Wimmera weather radar location finally announced
The location of the highly anticipated Wimmera Weather Radar has finally been announced, more than two years after funding was first announced.
The site chosen is near the Wimmera town of Rainbow, 105km north of Horsham, and was decided on after an extensive and detailed process to find a location to best suit the region and the wider Australian weather radar network.
The state-of-the-art dual polarised doppler radar - which will be known as the Rainbow Radar - is currently being constructed in Germany and is due to begin operating in mid-2020, if not sooner.
The Bureau of Meteorology's Victorian State Manager, Dr Andrew Tupper, said getting the project to this stage has been the result of great cooperation between the local community and the Victorian State government.
"The Australian Government, through the Bureau of Meteorology, and the Victorian Government, represented by the Department of Economic Development, Jobs, Transport and Resources, have been working closely with the Wimmera Development Association on this important infrastructure project for the region," Dr Tupper said.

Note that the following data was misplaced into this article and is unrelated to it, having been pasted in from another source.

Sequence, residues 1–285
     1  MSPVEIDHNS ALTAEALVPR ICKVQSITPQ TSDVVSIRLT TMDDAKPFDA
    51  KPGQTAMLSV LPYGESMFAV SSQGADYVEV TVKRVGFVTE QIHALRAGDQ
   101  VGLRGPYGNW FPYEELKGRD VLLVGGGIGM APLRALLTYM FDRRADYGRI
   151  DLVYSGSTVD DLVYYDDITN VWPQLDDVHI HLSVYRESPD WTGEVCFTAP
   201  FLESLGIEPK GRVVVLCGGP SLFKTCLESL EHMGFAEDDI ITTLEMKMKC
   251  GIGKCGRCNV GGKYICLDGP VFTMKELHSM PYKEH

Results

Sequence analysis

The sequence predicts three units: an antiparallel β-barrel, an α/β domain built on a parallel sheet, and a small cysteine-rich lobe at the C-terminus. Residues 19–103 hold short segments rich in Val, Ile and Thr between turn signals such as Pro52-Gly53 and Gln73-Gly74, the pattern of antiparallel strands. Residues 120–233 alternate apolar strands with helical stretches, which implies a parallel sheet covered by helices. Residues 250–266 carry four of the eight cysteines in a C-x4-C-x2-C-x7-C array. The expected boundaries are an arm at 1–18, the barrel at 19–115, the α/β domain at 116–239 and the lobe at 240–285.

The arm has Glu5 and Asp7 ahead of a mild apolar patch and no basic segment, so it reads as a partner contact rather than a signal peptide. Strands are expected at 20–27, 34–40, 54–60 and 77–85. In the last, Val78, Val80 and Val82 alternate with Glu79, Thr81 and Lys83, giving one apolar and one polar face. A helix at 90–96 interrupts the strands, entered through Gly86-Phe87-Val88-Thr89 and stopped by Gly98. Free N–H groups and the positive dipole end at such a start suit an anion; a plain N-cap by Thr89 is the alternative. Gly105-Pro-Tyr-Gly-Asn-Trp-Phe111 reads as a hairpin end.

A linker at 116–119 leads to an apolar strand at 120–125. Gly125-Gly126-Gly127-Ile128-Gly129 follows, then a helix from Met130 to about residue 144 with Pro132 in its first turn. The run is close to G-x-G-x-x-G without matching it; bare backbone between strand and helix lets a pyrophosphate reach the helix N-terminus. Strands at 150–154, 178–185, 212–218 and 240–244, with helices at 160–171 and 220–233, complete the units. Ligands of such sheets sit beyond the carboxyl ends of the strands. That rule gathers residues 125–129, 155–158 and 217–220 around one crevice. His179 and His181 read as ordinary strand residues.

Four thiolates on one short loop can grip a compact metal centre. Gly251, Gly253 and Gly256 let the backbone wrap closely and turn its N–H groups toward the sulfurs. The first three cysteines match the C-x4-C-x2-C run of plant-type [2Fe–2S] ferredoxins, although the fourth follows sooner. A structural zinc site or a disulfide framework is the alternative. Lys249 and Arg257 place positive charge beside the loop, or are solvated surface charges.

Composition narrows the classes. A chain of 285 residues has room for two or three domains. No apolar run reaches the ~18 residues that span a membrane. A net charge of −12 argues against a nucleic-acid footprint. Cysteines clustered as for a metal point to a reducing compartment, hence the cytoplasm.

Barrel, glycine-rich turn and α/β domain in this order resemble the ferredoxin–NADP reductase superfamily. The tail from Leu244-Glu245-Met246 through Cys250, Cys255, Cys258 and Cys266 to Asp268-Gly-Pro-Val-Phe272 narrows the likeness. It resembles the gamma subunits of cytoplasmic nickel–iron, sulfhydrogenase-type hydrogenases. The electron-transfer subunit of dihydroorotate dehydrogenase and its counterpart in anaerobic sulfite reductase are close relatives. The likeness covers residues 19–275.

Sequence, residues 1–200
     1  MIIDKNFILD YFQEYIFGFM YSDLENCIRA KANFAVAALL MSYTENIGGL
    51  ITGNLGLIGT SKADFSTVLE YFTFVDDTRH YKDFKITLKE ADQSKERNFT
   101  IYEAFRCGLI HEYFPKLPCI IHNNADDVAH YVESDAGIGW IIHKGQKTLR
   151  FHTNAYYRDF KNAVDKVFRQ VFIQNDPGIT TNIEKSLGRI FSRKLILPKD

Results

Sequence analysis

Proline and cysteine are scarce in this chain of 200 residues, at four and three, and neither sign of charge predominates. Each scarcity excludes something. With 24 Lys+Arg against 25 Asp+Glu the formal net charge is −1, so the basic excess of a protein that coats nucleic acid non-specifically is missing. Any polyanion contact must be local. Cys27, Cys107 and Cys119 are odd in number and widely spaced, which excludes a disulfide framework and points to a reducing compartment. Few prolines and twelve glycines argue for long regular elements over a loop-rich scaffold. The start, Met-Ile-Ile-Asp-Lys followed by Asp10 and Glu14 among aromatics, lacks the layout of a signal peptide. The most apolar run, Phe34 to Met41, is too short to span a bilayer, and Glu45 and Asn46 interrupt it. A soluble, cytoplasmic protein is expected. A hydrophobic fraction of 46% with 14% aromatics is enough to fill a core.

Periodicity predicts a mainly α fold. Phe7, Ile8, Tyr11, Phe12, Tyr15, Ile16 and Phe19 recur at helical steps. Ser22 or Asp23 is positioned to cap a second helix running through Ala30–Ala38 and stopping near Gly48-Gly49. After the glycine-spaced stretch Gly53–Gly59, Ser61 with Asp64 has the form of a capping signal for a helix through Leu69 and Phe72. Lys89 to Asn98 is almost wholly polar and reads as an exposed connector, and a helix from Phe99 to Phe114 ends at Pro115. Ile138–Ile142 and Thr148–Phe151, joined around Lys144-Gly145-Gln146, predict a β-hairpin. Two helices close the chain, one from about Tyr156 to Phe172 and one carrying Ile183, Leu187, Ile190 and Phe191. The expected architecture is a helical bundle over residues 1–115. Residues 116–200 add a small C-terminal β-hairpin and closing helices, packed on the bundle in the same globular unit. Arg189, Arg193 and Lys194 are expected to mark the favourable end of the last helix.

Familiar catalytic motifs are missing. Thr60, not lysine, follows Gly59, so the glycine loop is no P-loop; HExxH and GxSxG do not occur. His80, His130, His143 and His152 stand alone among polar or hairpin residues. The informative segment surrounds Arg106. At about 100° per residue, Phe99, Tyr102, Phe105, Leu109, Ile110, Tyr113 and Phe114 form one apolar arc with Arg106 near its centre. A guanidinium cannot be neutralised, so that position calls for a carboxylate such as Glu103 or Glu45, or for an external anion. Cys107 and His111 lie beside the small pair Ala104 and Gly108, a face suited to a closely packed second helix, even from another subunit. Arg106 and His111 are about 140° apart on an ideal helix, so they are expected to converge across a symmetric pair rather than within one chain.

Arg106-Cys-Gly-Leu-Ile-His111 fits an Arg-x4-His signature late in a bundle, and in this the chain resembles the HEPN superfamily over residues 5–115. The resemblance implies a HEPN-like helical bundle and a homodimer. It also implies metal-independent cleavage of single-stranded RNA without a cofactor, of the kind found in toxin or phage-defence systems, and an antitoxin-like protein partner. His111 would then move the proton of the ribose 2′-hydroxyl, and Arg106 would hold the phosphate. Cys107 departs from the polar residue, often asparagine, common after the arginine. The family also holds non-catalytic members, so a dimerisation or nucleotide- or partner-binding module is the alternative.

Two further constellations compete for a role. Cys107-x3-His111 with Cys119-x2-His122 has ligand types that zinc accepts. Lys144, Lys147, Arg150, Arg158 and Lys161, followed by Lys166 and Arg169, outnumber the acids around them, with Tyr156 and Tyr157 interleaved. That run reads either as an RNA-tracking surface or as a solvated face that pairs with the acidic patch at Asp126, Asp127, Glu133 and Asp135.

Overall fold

"As the radar is such a significant project, it has been vital for all parties to get the details right to ensure that it provides the maximum benefit, particularly for the region's primary producers who depend so much on accurate rainfall forecasts.
"The data available through the radar will help growers to make informed choices about harvesting, tillage and the use of chemicals and fertilisers."
The Victorian Government contributed $5-million to build the station and the Federal Government $3.2-million for operation and maintenance.
Federal Member for Mallee Andrew Broad said this is a very exciting day across the Wimmera and one we have been looking forward to for quite some time.
"This region, and both Federal and State Government bodies, including myself have been lobbying for real time weather data for the Wimmera for a long time now and after securing the funding it has been quite an effort to get to where we are now," Mr Broad said.
"For farmers across the Wimmera, this weather radar is absolutely priceless.
"It will allow farmers to make informed on-farm decisions to achieve the best possible outcomes on their properties – it doesn’t get much more accurate than real time weather data on your doorstep."
Other benefits of the radar include enhanced short-term rainfall forecasts and the provision of additional information to Bureau of Meteorology experts during severe weather events.
Dual polarised doppler radars provide one of the best tools for observing real-time rainfall, storms and even debris in the atmosphere, across large areas.
Radars use electromagnetic waves similar to wireless computer networks and mobile phones to detect rain drops, hail or snow; Doppler radars can also measure wind by detecting the speed of movement of the water that they encounter.